The new law also includes the Emergency Paid Sick Leave Act. It is important to note that these provisions are separate from and in addition to the Emergency Family & Medical Leave Expansion Act.
- What sizes of businesses are covered?
The new law covers employers that have less than 500 employees.
- Which employees are eligible?
All full-time employees, regardless of their duration of employment prior to the leave, are eligible.
- What qualifying events allow an employee to request paid sick leave?
An employee is eligible for paid sick leave for any of the following reasons:a. The employee is subject to a federal, state, or local quarantine/isolation order related to COVID-19;
b. The employee is advised by a health care provider to self-quarantine due to COVID-19;
c. The employee is experiencing COVID-19 symptoms and seeking medical diagnosis
d. The employee is caring for an individual subject to quarantine or isolation order or advised by a health care provider to self-quarantine due to COVID-19; or
e. The employee is caring for a child if the child’s school or care facility is closed or unavailable due to public health emergency.
- How much paid sick leave is available?
Full-time employees who are eligible for emergency paid sick leave are entitled to receive up to 80 hours of paid sick leave at the employee’s regular rate or two-thirds of the employee’s regular rate if the employee’s reason for leave is to care for a child or family member. The new law caps the paid sick leave so that wages are limited to $511 per day up to $5,110 total per employee for their own use, or $200 per day up to $2,000 total per employee to care for others.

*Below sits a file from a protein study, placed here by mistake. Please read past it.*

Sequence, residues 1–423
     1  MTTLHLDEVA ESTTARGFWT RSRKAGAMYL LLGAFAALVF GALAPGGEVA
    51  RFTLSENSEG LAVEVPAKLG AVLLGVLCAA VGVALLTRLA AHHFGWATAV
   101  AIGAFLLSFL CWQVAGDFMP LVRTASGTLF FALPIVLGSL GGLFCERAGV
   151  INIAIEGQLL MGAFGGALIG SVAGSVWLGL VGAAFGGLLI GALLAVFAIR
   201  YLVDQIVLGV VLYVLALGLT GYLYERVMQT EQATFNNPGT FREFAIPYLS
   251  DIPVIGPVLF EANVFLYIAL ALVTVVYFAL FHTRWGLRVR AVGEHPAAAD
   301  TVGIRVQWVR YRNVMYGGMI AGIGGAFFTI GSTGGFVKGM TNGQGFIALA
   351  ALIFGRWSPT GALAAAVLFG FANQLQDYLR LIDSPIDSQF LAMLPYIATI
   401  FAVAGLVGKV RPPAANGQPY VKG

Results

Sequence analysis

- What if the employer already offers paid sick leave?
The new law prohibits employers from changing their leave policies to provide for less leave than previously afforded to employees. Employees are entitled to take any accrued paid time off or sick leave they have available either before or after this additional emergency paid sick leave that is afforded under the new law.
- Does an employee who has the coronavirus, or might be infected, have a right to confidentiality?
While the new law does not directly address this matter, employers should take steps to avoid disclosing the health or medical information of their employees. This may pose a challenge in attempting to limit the spread of the virus among a specific employee’s coworkers if it becomes known to the employer that an employee has contracted the virus or was in contact with someone that contracted the virus. Employees should be encouraged to report to their employers that they contracted the virus or were in contact with someone that contracted the virus. The employer can then assess what steps are available to protect the employee’s private health information while also protecting the health and safety of other employees that may work in close contact with that person.
C. Do Employers have tax relief for both of these new employee benefits?
The new law does include a provision allowing employers to receive a tax credit equal to 100% of all qualified paid sick leave wages that are paid by the employer pursuant to both the Emergency Family Medical Leave Expansion Act and the Emergency Paid Leave Act. The tax credit is allowed against the employer’s portion of Social Security taxes.